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Positive economics is objective and fact based, while normative economics is subjective and value based. Positive economic statements do not have to be correct, but they must be able to be tested and proved or disproved. Normative economic statements are opinion based, so they cannot be proved or disproved.

While this distinction seems simple, it is not always easy to differentiate between the positive and the normative. Many widely-accepted statements that people hold as fact are actually value based.

For example, the statement, "government should provide basic healthcare to all citizens" is a normative economic statement. There is no way to prove whether government "should" provide healthcare; this statement is based on opinions about the role of government in individuals' lives, the importance of healthcare, and who should pay for it.

The statement, "government-provided healthcare increases public expenditures" is a positive economic statement, as it can be proved or disproved by examining healthcare spending data in countries like Canada and Britain, where the government provides healthcare.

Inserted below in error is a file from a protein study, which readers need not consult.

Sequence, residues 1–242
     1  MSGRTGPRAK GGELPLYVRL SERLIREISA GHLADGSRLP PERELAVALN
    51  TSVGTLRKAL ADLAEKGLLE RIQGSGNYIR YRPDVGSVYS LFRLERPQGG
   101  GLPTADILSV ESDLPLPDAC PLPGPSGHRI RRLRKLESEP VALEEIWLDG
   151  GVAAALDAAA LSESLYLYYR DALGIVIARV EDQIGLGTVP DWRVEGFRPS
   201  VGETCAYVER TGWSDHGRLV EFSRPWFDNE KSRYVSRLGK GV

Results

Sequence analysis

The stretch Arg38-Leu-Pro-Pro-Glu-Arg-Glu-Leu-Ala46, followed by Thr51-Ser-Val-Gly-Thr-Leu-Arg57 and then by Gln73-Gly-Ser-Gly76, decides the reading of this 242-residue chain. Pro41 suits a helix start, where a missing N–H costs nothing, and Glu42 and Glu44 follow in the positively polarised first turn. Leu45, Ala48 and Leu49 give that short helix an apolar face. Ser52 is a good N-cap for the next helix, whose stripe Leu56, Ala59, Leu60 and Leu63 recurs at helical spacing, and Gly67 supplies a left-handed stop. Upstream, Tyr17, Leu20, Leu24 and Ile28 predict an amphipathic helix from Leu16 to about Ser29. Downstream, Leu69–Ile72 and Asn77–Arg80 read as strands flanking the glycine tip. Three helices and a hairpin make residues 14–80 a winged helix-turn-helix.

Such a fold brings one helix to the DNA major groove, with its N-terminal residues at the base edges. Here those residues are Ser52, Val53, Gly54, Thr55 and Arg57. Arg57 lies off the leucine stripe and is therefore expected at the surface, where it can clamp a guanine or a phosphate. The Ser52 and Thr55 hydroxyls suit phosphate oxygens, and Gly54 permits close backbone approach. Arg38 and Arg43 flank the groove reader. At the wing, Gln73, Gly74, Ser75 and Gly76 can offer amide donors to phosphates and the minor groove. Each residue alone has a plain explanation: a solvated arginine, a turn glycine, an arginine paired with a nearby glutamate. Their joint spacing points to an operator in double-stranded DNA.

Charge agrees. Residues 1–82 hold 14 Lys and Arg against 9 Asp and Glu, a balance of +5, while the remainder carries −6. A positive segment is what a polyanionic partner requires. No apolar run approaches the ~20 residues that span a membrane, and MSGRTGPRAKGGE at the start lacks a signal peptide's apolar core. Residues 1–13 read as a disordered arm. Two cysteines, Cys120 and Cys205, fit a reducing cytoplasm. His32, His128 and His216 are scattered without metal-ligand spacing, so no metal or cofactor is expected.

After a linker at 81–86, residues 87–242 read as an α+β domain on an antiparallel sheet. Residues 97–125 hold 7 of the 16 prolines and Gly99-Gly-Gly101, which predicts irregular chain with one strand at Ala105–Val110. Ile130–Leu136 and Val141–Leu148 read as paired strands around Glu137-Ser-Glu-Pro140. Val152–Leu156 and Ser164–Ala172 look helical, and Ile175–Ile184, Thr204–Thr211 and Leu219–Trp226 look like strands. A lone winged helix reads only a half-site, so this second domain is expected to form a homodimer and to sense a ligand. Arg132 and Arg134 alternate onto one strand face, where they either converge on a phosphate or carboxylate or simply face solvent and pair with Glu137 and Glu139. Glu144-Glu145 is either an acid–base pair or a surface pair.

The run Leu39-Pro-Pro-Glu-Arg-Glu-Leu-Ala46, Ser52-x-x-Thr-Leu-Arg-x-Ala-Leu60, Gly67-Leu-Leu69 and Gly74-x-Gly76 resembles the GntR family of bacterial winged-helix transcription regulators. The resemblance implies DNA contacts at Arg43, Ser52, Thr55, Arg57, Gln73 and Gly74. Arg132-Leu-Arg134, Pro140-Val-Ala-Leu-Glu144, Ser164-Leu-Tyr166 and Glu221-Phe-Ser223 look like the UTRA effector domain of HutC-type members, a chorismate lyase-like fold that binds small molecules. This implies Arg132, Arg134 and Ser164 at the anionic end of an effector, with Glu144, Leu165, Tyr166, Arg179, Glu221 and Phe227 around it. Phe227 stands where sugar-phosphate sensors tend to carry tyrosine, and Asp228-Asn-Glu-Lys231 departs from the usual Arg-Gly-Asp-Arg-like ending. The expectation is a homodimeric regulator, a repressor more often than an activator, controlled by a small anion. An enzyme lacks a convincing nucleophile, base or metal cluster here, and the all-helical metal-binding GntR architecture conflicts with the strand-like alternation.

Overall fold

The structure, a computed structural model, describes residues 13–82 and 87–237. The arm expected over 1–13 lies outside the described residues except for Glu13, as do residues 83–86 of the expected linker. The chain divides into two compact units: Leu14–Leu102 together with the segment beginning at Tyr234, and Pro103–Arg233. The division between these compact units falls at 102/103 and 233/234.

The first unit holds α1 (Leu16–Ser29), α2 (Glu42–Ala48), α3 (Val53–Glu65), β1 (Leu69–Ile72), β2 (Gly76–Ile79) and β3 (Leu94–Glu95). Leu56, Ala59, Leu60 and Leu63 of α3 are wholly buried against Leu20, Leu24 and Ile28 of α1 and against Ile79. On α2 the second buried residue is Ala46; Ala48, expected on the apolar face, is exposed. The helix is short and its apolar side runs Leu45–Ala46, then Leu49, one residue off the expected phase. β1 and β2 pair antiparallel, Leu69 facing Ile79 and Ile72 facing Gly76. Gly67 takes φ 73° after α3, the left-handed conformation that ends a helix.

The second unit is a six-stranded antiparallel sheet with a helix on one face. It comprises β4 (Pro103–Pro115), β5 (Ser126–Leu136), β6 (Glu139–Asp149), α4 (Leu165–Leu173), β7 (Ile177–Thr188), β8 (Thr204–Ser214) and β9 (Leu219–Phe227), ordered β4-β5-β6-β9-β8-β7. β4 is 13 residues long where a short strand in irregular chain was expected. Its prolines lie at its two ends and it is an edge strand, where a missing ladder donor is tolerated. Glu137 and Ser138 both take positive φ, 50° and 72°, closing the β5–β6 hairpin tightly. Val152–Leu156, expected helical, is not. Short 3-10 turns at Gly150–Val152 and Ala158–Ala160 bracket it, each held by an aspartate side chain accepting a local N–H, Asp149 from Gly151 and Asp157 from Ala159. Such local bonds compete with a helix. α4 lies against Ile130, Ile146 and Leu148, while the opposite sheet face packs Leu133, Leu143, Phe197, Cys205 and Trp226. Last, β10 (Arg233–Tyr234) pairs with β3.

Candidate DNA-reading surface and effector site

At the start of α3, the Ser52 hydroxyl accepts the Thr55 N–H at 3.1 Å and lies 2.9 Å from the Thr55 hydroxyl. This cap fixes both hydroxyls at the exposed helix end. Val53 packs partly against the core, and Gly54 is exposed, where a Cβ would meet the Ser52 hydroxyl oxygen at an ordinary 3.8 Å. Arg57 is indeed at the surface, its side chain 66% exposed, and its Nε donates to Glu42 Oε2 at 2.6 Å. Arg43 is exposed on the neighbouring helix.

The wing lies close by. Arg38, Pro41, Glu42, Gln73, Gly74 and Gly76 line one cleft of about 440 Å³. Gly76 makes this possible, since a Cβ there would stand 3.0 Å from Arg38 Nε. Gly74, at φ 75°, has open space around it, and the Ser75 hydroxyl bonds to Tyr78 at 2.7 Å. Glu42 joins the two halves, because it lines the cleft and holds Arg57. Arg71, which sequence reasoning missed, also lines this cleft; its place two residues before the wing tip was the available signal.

Disagreements over public policies typically revolve around normative economic statements, and the disagreements persist because neither side can prove that it is correct or that its opponent is incorrect. A clear understanding of the difference between positive and normative economics should lead to better policy making if policies are made based on facts (positive economics), not opinions (normative economics). Nonetheless, numerous policies on issues ranging from international trade to welfare are at least partially based on normative economics.

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